On the flip side, it's hard not to see championing of socialism, a societal approach that most people associate with failed 20th century policies as a somewhat quixotic throwback – even if Sanders always tries to differentiate his socialism as something more modern (or Scandinavian).
4. Inability to accept change
Much of Trump's presidency seems like a throwback to ideas that were socially relevant at least six or seven decades ago if not all the way back to 1800s. Change, especially change in society, is not the domain you want to explore more with age. But change is also paramount for the health of a democracy.
"Some men look at constitutions with sanctimonious reverence, and deem them like the arc of the covenant, too sacred to be touched," wrote Thomas Jefferson. "But I know also, that laws and institutions must go hand in hand with the progress of the human mind.
5. Being out of step with technology
Technology changes happen too quickly nowadays for older people to keep up. Yet tech is a defining feature of our life, influencing all aspects. How can a grandfather president who doesn't know and understand new technologies have anything meaningful to say about them?
This is not just about the latest smartphones. What about our country's security? As the current president showed, who was elected in part courtesy of Internet-related fraud, an older leader may not understand or even care to understand how to keep our country safe in the cyber world.
A great illustration of the tech knowledge gap exhibited by the political leaders came during the infamous exchange between Senator Orrin Hatch and Facebook's Mark Zuckerberg. Hatch seemed to have little idea how Facebook worked.
6. Being out of step with culture
While a rapping grandma makes for funny scenes in Adam Sandler movies, you don't look to senior citizens for what's hot on the street. It would be hard to top the cultural connection President Obama, elected when he was 47, had with the nation. You may think it's unnecessary to know how and why the country expresses itself through its arts and culture. That's how we get documents like the 2019 Trump budget, which seeks to eliminate funding for the arts, public television and libraries.
7. Reverse age discrimination
Older people tend to stick with other older people and look down upon those who are younger as lacking experience or (their) common sense. Case in point, Trump's attacks on AOC and other members of the "Squad". He not only doesn't like their ideas and uses their likes to excite his conflict-hungry base, Trump represents the "Squad" as being silly and impractical and not knowing how the world works.
8. The president won’t survive the term
In a country where the average life expectancy is stuck at 78 (dropping for the third year in a row), the chances are high enough that a president who is elected while already being 70 is not going to survive the term. Why knowingly put the country through such drama?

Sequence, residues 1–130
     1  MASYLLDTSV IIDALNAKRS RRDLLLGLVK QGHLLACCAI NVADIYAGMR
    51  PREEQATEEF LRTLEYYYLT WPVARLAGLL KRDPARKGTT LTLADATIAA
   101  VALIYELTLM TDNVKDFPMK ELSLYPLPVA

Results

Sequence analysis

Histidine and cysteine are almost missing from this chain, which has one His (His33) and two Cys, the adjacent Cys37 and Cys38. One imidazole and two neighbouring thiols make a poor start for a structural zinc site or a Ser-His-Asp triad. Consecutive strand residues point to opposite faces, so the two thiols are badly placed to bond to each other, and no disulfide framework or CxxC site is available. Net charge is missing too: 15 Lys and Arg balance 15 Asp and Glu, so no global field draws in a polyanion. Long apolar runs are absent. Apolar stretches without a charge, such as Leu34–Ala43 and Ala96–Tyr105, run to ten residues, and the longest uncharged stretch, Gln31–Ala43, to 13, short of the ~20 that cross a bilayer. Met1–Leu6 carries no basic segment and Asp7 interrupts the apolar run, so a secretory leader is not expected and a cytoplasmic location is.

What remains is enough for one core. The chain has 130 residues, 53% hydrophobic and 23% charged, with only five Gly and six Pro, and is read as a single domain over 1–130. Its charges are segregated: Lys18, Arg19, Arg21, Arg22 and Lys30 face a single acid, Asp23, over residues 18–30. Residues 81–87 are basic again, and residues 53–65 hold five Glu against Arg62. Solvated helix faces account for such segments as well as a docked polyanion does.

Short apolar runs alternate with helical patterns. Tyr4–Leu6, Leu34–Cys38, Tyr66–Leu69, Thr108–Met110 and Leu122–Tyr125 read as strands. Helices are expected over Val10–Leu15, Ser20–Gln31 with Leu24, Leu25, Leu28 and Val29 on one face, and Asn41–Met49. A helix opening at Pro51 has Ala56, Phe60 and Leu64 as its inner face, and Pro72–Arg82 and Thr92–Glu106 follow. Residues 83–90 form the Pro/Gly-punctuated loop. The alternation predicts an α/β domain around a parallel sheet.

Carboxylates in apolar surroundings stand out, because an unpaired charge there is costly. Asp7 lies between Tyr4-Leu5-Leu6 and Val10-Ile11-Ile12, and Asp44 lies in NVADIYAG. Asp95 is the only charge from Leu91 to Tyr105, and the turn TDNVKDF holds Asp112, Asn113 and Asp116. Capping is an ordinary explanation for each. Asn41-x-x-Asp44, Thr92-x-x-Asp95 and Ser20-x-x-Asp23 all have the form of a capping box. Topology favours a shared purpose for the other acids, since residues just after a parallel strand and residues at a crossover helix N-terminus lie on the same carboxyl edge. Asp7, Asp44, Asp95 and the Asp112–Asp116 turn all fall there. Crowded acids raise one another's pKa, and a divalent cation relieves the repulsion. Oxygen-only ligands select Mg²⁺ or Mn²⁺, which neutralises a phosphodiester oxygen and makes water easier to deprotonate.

9. Nostalgia results in stagnation
Older candidates tend to invoke nostalgia, an emotion we enjoy but also should be wary of.
"Make America great again," proclaimed Trump's main slogan, harkening back to some mythical time when America was supposedly "great". It's again as much as saying "I remember, back in my day" while wagging your finger at the whippersnappers on the lawn.
Of course, no such time really existed. And if your standard of progress is some fictional time in the past, it's likely you'll end up with a country tearing itself apart at the seems. It naturally lurches forward, moved by its youth, resourcefulness and the indomitable American spirit. And it shakes and rattles back, like a wounded Godzilla, restrained by the champions of yesteryear.
10. It’s unfair
Older people tend to have an unfair societal advantage. We generally respect the elders. We want to hear their stories, to learn from them. We just don't have to be ruled by them.
While representing just 14.9% of the general population, presidents who are seniors cannot possibly be responsive to everyone's interests. In fact, chances are they care more about the interests of their own segment of the country. It's not rocket science to understand why a person of retirement age would support policies that are aimed at maintaining the status quo and against people and ideas they don't feel comfortable with.
And if you're still afraid that any kind of limit is making ageist assumptions, do away with one altogether. Of course, none of these points matter at the moment, as the Congress full of much older people isn't going to change its laws to allow younger ones more influence. It's notable that the current Congress is one of the oldest Congresses ever, with an average age of 59 (and most leaders in the 70s and 80s).
You might debate whether the U.S., is a true democracy, ruled by elites or secret interests, but it's certainly a gerontocracy. You can ask a person over 60 what that means.
When the president gets his primary information from talking heads on cable TV rather than intelligence briefings, we have a problem.
Until now, the relationship of the President of the United States to the TV had been predictable. The President made news, and satirists made fun of the President. The President did not watch the satirists because he had, um, more important things to do. Well, life comes at you fast. Today, perhaps the most reliable way to communicate with the President is to appear on a cable news show. The poor quality of these programs — especially their habit of featuring unqualified opinion in the interest of balanced reporting — has made maintaining an informed national conversation very difficult. And that was before the President was citing Joe Schmucko from Illinois! Adam Mansbach's most recent book (co-authored with Dave Barry and Alan Zweibel) is For This We Left Egypt?.
Bill Nye, CEO of The Planetary Society, offers an important 5-point plan for President Trump on space exploration and NASA's budget.
As the CEO of The Planetary Society, Bill Nye has written an open letter to President Trump, highlighting the need for prioritizing space research, and for supporting NASA's space exploration efforts in particular. Bill Nye offers the president a comprehensive five-point plan for steering NASA's objectives and orientation during his tenure: